Speech by J. Sella Martin Delivered at the Queen's Rooms, Glasgow, Scotland 3 October 1865
The British certification system was designed to guarantee the character of a fund raiser, the nature of his request, and the integrity of collection procedures. The individuals or groups providing certification might also provide fund-raising opportunities. But more often, these opportunities depended on a black abolitionist's own initiative. When J. Sella Martin's first months in England proved disappointing, he traveled to Scotland, where he believed that, in one year, $100,000 could be raised by the AMA for freedmen's relief. He was endorsed by the Glasgow Freedmen's Aid Society and worked tirelessly during August 1865, lecturing in Glasgow, Edinburgh, and Dundee, writing letters to the Glasgow Herald, and contacting local clergymen to sponsor lectures. Martin simultaneously fended off pressure by his New York Shiloh Presbyterian congregation to return home by mid-October and the threats of an incursion into Scotland by other agents. By late September, he began a new series of meetings, appearing frequently with Henry M. Storrs. On 3 October, both men spoke at a society-sponsored gathering in Glasgow's Queen's Rooms. The well-attended session was chaired by James Craig of Middleton. After an opening prayer by Rev. A. G. Forbes, Martin was introduced. J. Sella Martin to [Secretary, American Missionary Association], 28 July, ,  August, 16 September 1865, AMA-ARC; CR, 26 August 1865; Minutes of the Glasgow Freedmen's Aid Society, 25 July, 29 August, 22 September 1865, UKGM; Lib, 3 November 1865.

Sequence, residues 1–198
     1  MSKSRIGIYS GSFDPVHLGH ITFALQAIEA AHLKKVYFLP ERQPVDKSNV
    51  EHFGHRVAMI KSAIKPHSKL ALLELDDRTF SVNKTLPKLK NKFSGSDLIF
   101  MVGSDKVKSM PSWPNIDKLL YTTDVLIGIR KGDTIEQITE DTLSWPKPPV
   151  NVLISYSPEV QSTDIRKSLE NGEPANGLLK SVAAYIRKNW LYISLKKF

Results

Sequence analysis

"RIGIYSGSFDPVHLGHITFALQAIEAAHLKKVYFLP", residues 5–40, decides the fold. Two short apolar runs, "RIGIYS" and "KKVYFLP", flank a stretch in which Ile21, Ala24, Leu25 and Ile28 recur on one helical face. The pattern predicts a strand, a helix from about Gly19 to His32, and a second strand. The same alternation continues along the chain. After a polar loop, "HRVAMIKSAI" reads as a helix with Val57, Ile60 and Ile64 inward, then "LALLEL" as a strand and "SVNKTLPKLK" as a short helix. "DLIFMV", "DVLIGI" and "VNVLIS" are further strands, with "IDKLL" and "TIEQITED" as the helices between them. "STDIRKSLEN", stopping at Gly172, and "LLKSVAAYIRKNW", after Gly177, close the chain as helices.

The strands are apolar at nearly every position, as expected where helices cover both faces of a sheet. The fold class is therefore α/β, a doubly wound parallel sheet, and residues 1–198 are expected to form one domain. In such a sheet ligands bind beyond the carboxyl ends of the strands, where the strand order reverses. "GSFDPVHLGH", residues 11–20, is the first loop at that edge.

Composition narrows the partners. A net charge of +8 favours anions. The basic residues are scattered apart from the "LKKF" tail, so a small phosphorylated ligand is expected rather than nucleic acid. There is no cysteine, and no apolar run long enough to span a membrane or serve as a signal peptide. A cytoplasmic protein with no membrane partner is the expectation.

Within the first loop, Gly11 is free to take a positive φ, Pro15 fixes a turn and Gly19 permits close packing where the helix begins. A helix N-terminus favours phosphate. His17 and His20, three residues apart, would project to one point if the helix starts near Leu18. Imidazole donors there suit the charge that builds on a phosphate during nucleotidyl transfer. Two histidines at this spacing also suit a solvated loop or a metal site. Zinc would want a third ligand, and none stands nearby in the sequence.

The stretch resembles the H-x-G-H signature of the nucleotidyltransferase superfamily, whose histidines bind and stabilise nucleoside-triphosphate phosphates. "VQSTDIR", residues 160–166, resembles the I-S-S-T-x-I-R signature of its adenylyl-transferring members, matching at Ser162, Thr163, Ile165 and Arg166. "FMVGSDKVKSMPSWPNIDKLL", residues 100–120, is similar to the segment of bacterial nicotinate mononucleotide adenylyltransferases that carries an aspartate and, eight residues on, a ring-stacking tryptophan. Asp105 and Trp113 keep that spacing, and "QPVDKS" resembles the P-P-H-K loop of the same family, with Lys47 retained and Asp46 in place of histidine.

The Rev. SELLA MARTIN next addressed the meeting. He said that before they had any hope of an early and complete solution of the question of slavery there was scarcely any difference of opinion about the desirableness of an early and complete solution of it. Even those who were in favor of the South, as was a section of the country, were compelled to make this general concession to the strongly anti-slavery people of Great Britain, viz., that they hated slavery as badly as anybody else hated it. (Hear.) Whenever they were going to swallow the great whale of the South, they had to grease him with this kind of thing. (Laughter.) But now that they had got that early and complete solution in the fact of the abolition of slavery, very many people stood off and said, "Well, after all, wasn't it done too quickly?" (Hear and a laugh.) "Did you do it in the right way, after all?" "Haven't you involved the negro in more suffering by putting him in the difficulties consequent upon being cast into the